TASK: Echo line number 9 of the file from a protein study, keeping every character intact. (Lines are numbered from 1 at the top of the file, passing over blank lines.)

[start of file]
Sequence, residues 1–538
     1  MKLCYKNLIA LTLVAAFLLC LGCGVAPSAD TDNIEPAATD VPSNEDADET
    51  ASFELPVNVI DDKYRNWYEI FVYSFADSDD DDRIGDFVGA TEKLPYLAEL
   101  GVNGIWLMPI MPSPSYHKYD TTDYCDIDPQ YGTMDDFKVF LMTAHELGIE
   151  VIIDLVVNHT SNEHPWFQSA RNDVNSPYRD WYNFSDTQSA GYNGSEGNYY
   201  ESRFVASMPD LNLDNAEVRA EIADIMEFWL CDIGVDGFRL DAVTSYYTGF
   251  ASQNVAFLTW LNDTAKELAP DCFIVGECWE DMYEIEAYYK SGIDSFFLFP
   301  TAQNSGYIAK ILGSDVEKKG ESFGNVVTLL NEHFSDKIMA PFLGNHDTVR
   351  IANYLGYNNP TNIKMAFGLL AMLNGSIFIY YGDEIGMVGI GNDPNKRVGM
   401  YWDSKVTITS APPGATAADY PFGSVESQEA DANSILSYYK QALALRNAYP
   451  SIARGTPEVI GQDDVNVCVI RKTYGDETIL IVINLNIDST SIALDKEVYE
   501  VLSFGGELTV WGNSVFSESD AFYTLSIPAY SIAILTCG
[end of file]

   351  IANYLGYNNP TNIKMAFGLL AMLNGSIFIY YGDEIGMVGI GNDPNKRVGM